WASHINGTON — Mitt Romney vows that on Day One of his presidency, things would be dramatically different. History and the ways of Washington suggest that by Day Two, he’d find he couldn’t move as fast as he promised.
The presumptive Republican presidential nominee’s latest guarantee was featured in a new television ad Friday, the third in a campaign pledging a new direction for the country immediately on Inauguration Day 2013, if Romney is sworn in that day to replace a defeated President Barack Obama.
It’s not that easy.
"It’s rhetorical only," said Robert Bixby, a veteran Washington player and executive director of the Concord Coalition, a budget group, about the promise of the first day. "It takes time to make serious change."
"Not much," said Tim Blessing, an expert on presidential performance at Alvernia University in Pennsylvania, when asked how much Romney could accomplish on Day One.
In his first television ad of the general election campaign, which ran beginning May 18 in swing states including North Carolina, Ohio and Virginia, Romney promised he’d start working on tax cuts, changes in federal health care laws and approval of the Keystone XL oil pipeline.
"Day One,” said another ad, “President Romney announces deficit reductions, ending the Obama era of big government, helping secure our kids’ futures.”
“What will be different about a Romney presidency?” asked the newest ad Friday. "From Day One, President Romney focuses on the economy and the deficit, unleashes America’s energy resources, and stands up to China on trade. President Romney’s leadership puts jobs first.”
He could approve the pipeline that Romney says would create "thousands of jobs that Obama blocked."
Obama turned down the application for the Keystone XL pipeline, saying he did not have enough time to consider the matter because of a congressional deadline to act. The American Petroleum Institute, the industry’s main lobbying group, as well as congressional Republicans and some Democrats, maintain the pipeline will provide America with jobs and energy security. Opponents say it would help expand Canada’s tar sands production and yield higher greenhouse gas emissions.
Romney also plans to send legislation to Congress containing tax proposals and an immediate 5 percent cut in non-security discretionary spending, which includes programs such as education and transportation.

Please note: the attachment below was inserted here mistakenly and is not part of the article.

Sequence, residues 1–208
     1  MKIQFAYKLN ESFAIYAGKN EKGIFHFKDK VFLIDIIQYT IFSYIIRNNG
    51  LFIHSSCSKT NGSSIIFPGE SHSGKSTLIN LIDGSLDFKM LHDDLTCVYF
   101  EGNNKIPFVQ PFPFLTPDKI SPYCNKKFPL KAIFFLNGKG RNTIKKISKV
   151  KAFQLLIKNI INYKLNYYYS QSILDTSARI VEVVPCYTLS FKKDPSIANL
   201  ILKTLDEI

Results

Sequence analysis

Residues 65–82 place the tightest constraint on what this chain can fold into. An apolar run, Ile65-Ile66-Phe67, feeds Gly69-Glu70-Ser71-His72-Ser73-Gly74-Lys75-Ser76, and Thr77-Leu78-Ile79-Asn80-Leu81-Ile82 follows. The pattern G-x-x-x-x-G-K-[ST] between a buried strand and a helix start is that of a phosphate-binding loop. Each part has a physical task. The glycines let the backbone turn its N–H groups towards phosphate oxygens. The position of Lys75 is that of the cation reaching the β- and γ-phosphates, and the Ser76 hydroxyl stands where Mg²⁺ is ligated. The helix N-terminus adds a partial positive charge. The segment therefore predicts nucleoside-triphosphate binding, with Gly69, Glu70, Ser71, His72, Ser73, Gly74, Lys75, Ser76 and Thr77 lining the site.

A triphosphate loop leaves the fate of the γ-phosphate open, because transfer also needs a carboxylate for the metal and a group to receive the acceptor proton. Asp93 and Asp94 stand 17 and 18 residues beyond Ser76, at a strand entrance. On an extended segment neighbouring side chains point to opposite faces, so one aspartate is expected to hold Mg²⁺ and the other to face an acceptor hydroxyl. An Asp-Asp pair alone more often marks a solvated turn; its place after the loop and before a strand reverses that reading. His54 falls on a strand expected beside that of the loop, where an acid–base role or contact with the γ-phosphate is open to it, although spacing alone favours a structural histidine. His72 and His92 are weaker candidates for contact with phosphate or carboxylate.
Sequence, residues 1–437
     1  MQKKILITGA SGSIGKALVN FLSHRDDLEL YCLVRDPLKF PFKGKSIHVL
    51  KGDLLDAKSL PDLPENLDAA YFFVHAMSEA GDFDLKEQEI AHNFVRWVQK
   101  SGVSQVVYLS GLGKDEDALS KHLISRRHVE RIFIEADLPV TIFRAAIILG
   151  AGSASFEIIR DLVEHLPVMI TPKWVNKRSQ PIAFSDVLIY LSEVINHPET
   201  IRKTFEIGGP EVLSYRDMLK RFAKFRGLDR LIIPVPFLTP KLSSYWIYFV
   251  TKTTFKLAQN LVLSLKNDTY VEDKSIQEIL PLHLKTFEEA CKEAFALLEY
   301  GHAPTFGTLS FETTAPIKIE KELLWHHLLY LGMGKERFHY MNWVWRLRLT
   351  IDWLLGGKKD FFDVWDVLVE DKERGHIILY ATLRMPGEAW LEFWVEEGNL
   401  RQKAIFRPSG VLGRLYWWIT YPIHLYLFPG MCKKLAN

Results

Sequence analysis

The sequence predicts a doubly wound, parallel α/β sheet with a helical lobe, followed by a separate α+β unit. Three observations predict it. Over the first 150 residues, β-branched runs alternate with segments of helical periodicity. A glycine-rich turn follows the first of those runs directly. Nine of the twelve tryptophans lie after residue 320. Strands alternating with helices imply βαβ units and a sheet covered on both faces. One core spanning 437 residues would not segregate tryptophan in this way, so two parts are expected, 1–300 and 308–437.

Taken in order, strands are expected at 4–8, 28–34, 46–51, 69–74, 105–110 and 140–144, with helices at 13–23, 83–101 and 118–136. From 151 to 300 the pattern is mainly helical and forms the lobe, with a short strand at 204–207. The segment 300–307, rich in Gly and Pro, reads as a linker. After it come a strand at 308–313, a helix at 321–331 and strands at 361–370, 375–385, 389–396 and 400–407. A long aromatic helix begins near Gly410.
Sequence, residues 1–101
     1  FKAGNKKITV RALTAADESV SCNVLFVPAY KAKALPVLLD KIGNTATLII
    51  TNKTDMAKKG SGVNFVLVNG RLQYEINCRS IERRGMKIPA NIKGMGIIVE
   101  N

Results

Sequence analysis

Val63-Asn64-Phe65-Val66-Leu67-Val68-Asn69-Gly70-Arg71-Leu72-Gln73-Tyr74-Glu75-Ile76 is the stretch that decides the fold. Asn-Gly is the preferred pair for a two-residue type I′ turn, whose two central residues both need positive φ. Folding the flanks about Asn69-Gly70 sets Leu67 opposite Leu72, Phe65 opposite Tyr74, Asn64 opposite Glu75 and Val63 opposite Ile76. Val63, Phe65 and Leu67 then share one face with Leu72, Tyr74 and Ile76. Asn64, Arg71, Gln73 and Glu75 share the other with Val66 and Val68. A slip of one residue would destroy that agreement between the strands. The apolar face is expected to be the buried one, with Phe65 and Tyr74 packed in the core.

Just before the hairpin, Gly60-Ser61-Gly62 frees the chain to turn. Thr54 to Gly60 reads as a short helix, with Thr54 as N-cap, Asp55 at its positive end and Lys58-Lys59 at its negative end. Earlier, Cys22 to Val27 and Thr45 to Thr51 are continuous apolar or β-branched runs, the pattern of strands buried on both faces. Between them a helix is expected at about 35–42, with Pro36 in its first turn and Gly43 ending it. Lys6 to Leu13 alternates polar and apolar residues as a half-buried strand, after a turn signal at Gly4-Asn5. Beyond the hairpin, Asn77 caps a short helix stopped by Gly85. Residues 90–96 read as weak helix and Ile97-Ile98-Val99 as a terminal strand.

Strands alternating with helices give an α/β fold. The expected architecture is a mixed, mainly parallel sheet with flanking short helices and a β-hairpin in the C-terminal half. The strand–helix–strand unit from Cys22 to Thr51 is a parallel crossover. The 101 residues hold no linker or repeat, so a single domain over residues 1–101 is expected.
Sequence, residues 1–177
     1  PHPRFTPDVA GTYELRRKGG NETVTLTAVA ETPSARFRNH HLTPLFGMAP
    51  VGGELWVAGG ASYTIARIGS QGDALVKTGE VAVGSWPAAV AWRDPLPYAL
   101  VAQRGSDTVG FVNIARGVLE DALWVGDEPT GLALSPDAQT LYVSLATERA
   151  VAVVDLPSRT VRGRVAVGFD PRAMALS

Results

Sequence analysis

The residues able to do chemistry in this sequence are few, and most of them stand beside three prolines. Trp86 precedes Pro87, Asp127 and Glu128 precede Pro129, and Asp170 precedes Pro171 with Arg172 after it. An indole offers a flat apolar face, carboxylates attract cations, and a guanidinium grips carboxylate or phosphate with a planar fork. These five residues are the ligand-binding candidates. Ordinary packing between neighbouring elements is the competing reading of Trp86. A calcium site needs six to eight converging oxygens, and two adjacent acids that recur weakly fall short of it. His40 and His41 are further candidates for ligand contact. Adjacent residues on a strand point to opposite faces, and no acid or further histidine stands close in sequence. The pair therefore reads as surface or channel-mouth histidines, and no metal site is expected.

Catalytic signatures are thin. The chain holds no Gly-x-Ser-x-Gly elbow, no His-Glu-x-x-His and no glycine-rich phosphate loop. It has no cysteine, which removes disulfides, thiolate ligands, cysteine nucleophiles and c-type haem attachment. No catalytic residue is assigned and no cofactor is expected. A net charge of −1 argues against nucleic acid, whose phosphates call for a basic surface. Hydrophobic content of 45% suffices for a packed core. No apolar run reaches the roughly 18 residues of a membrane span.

But those plans, like others in his Day One agenda, face obstacles every modern president has endured.
First, he’s probably not going to have a lot of top staff in place. Cabinet secretaries and key trade and economic officials will need Senate confirmation. The campaign maintains it can take some action without all staff in place, such as designating a country as a currency manipulator.
Second, regulations and laws often can’t be eradicated overnight. Repealing the 2010 health care law, for instance, would require an act of Congress.
Romney has said he would issue an order "paving the way" for the government to issue state waivers to allow states to "innovate and design health care systems that work best for them."
Complete repeal would be considerably tougher. Republicans now control the House of Representatives, and if they retain their majority, repeal could come on that first day, if not sooner. But any such effort would need 60 votes in the Senate to overcome a likely Democratic filibuster.
Third, while Romney can offer a detailed budget and tax plan on Day One, it often takes weeks if not months to get legislation through Congress.
Obama waited about a month for the Democratic-controlled Congress to approve his economic stimulus package in 2009. President George W. Bush’s major tax cut package was enacted in late May, and Ronald Reagan needed until early August to win approval of his signature 25 percent three-year tax cut.
Obama was elected in 2009 on a similar promise of dramatic change. On Day One, he held a signing ceremony and signed executive orders that included placing restrictions on lobbyists and pledging transparency in government.
A day later, he signed an executive order to close the detention facility for suspected terrorists at the U.S. naval base at Guantanamo Bay, Cuba.
The realities of governing, however, proved more complicated.
The administration met vociferous opposition in Congress to its Guantanamo plan. The detention facility remains open.
The administration also pulled back on the restriction aimed at closing what Obama called a “revolving door” of lobbyist influence in government. The executive order he signed included a waiver, which the administration soon employed to secure the appointment of a deputy defense secretary.
White House officials, however, say that only three ethics waivers were granted and that the administration has not granted a single waiver to allow a former employee to lobby the executive branch.
The National Security Archive, a non-governmental research institute, hailed Obama’s transparency pledge as the “earliest and most emphatic” call for open government. It included lifting Bush-era restrictions on the release of presidential records.
The group has since criticized the Justice Department for engaging in “selective and abusive prosecutions of espionage laws against whistleblowers.”
Obama on his first day also held a promised meeting with military officials to plan the withdrawal of combat troops from Iraq within 16 months. The last troops left in mid-December 2011.
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